More Downside for the GBP to USD Exchange Rate
All bets are off on the Brexit. The bookies will actually take your money over the result of the June 23 referendum. And it’s no small result—the Brexit carries the fate of Prime Minister David Cameron’s leadership of the U.K. and the fate of the British pound (GBP), having a strong effect on the GBP to USD exchange rate.
The Brexit polls appear as if they have stabilized—for now, that is—but the picture they paint is anything but positive for the British pound. They suggest a majority of Britons want out of the European Union (EU). The GBP to USD plunged as the latest polls suggest that there is more support for Britain to leave the EU than to stay in it. It was just a few weeks ago that the polls pointed to the opposite outcome. (Source: “Pound Drops as New Brexit Poll Shows ‘Leave’ Camp Taking Lead,” Bloomberg, May 31, 2016.)
The surprise effect may have caused a bigger-than-normal spill on the British pound, which has taken a hit. The GBP to USD lost almost a full percentage point, dropping to $1.45, its lowest level since May 3. Yet, this kind of volatility will only become more intense as the Brexit referendum date approaches. Indeed, hedge funds appear to be commissioning polls for the purpose of speculating on the GBP. The political sentiment is but a byproduct of what is becoming much more of a financial episode.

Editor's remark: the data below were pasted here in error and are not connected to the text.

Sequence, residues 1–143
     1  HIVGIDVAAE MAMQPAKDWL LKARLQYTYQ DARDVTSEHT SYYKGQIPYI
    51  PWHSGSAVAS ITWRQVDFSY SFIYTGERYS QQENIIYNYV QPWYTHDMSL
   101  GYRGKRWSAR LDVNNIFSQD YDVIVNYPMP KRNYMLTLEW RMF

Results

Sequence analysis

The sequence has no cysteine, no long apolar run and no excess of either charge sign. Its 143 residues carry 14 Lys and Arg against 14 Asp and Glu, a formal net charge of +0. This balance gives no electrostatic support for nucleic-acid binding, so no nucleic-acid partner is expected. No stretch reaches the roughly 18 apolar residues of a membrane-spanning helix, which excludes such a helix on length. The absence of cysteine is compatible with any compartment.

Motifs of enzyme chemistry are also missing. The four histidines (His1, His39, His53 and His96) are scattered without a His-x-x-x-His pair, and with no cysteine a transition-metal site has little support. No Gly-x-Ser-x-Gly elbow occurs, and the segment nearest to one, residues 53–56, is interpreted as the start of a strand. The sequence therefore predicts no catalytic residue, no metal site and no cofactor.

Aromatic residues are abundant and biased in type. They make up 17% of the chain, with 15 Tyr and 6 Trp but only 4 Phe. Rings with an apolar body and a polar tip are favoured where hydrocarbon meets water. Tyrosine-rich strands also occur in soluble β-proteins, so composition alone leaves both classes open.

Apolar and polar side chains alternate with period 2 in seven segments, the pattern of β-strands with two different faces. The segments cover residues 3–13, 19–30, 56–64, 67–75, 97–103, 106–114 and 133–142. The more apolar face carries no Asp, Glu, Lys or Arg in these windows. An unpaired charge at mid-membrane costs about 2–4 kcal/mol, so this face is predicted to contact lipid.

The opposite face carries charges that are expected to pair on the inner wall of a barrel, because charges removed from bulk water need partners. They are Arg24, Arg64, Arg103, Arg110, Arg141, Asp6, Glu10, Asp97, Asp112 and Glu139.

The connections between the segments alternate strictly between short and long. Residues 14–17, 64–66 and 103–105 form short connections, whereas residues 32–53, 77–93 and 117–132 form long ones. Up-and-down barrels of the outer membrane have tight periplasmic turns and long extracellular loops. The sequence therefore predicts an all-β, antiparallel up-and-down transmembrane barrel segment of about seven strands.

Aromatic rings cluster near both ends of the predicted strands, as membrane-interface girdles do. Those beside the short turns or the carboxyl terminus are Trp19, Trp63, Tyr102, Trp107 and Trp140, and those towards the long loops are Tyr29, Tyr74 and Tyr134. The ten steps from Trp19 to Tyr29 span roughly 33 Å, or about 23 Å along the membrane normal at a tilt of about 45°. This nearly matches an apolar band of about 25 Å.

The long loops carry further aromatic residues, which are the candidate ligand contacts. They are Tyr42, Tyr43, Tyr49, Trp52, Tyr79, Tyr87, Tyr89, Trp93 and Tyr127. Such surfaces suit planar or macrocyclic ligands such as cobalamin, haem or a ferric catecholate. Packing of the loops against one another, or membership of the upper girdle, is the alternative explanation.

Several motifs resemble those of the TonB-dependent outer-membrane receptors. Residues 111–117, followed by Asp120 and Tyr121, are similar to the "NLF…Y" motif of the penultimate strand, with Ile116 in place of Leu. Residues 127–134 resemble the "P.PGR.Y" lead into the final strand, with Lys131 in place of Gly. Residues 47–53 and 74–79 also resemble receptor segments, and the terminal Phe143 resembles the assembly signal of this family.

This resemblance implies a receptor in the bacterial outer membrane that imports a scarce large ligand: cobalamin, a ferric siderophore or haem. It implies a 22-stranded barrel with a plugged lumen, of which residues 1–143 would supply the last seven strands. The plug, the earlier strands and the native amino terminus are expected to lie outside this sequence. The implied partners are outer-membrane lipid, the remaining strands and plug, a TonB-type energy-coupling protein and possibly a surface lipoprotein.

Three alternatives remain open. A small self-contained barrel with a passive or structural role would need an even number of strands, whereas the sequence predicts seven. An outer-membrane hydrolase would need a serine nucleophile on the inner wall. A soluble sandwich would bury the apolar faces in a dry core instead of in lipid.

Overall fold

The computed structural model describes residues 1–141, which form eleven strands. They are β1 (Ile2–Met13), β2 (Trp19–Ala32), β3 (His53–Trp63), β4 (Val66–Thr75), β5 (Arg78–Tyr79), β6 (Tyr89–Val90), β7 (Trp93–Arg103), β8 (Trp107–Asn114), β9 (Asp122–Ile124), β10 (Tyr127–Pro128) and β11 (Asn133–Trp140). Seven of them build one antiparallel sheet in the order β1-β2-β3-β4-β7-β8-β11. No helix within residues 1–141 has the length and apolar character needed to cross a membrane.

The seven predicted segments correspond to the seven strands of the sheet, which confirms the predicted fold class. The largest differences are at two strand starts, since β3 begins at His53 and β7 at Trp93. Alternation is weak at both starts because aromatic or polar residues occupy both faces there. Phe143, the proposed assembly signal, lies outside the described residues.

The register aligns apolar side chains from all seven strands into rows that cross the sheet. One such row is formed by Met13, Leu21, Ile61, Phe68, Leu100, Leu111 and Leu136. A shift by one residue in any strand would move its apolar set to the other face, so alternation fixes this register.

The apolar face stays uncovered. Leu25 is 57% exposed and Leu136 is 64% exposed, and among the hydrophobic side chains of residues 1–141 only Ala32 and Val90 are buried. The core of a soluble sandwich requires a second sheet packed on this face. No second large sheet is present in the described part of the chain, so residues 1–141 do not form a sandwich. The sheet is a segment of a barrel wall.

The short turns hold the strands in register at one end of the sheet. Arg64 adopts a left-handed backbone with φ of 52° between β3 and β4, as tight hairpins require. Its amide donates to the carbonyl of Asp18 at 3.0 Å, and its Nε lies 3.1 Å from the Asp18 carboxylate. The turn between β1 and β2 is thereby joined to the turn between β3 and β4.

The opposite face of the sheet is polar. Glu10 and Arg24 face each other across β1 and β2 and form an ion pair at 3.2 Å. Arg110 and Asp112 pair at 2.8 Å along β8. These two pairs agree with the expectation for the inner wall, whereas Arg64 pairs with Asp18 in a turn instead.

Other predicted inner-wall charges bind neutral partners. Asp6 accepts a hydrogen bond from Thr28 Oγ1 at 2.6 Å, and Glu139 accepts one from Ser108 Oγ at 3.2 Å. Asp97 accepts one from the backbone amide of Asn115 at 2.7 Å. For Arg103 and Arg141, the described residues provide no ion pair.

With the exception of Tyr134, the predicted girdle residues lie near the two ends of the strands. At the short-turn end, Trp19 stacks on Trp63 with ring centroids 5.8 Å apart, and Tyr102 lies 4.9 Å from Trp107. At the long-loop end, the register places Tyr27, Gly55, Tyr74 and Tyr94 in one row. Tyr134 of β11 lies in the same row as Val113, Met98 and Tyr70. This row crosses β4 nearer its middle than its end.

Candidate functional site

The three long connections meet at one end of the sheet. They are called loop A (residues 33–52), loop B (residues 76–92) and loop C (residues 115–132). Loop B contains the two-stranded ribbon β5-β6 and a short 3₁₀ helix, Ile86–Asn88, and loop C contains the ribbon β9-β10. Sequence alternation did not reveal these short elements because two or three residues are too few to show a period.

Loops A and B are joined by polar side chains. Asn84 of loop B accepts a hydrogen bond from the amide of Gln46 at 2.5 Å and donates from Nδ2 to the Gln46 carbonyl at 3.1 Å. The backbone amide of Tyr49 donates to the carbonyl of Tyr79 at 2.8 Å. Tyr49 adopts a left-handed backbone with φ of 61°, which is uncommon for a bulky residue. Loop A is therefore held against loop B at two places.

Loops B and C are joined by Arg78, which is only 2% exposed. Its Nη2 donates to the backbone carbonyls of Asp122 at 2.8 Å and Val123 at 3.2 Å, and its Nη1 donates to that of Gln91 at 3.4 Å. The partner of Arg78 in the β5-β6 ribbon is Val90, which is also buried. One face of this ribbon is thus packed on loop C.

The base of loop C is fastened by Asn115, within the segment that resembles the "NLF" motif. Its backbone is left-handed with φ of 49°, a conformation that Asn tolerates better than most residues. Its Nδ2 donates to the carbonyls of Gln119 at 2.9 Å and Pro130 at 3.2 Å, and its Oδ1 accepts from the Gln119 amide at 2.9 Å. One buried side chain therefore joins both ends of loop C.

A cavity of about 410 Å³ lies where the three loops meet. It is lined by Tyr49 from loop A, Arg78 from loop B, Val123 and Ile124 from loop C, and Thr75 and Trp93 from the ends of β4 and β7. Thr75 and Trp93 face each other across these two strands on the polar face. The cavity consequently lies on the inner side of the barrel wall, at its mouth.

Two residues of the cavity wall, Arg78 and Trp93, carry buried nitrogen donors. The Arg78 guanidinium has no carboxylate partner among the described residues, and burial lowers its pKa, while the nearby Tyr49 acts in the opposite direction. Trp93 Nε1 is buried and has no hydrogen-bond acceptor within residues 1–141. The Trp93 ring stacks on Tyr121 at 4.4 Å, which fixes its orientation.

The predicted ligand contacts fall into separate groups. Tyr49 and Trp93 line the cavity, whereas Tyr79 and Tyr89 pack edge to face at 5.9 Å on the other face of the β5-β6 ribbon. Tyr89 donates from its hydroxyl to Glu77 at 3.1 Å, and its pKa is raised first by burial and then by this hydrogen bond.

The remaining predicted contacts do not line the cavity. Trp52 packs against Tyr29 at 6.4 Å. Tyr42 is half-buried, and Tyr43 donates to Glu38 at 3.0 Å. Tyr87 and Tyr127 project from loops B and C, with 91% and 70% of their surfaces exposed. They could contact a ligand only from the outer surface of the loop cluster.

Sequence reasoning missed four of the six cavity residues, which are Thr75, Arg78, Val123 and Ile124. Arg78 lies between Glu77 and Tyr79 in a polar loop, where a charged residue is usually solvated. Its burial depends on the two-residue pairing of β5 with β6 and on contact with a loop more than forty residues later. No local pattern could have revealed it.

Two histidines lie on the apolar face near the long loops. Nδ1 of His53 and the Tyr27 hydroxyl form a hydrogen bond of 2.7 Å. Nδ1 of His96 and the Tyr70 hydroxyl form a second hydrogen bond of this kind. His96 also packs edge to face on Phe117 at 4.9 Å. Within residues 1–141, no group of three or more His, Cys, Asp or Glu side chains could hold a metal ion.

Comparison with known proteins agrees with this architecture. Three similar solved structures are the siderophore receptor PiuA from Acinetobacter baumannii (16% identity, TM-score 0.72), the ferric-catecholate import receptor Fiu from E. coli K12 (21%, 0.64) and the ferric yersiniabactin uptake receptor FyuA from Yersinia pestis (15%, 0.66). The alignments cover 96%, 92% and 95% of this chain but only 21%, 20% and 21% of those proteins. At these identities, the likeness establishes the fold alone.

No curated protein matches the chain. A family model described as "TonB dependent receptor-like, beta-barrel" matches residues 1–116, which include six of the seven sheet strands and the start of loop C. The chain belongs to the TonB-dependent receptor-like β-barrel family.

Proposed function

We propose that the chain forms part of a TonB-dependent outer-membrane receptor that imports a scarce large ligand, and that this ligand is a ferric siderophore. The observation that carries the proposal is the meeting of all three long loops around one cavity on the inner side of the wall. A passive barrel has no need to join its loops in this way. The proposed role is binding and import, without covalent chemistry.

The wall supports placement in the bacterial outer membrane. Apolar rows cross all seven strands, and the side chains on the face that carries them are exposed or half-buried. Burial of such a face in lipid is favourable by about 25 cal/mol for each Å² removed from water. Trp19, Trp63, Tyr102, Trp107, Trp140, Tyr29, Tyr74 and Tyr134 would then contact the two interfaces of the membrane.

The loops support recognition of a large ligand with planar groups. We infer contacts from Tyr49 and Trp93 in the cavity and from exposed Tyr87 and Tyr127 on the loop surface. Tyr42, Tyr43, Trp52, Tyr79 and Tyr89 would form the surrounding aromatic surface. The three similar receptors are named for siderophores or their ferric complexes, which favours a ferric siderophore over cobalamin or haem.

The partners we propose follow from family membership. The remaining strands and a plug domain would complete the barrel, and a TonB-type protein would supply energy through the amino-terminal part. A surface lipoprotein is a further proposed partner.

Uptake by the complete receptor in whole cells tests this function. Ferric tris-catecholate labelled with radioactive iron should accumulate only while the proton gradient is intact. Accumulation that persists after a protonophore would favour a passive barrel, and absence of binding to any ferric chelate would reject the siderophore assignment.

The London bookies have raised the odds for a Brexit. One of the most famous bookies William Hill said that 85% of those betting punted in favor of the Brexit. Given that the polls have varied often, the careful punter will continue to exercise caution before betting.
What is certain is that the outcome of the Brexit referendum is not in the least certain. This will keep the GBP alive and the GBP to USD rate fluctuating frequently over the next three weeks. (Source: “Pound Drops On New Brexit Poll; Options Indicate Volatility,” Investor’s Business Daily, May 31, 2016.)
So long as the surveys were favorable to the “Bremain” (those who want Britain to remain in the EU), the cable (GBP/USD pair) was moving ever more in favor of the pound sterling. The British currency was actually the best performer in the pro-Brexit perception period in a group of 10 peer currencies. (Source: Ibid.)
It seems like the economic arguments—from the likes of the Bank of England, U.S. President Barack Obama, and, of course, Prime Minister David Cameron himself—have failed to impress the majority. It seems that Britons have grown warier about illegal migration. News of the landings of illegal immigrants on British shores has spooked many Britons far more than a lower British pound.
Apart from the Brexit referendum, Janet Yellen’s hints that the Federal Reserve could soon make another rate hike have not done the GBP any favors. The rate hike potential, meanwhile, comes as the U.S. experienced the largest one-month spending increase since August 2009.
If the Brexit fears intensify in response to more polls, the GBP to USD, which had moved in favor of the British currency in the past few weeks, could head back to its historical minimum of $1.38. If a Brexit actually happens, the cable could cross that mark into new record-lows for the British pound sterling.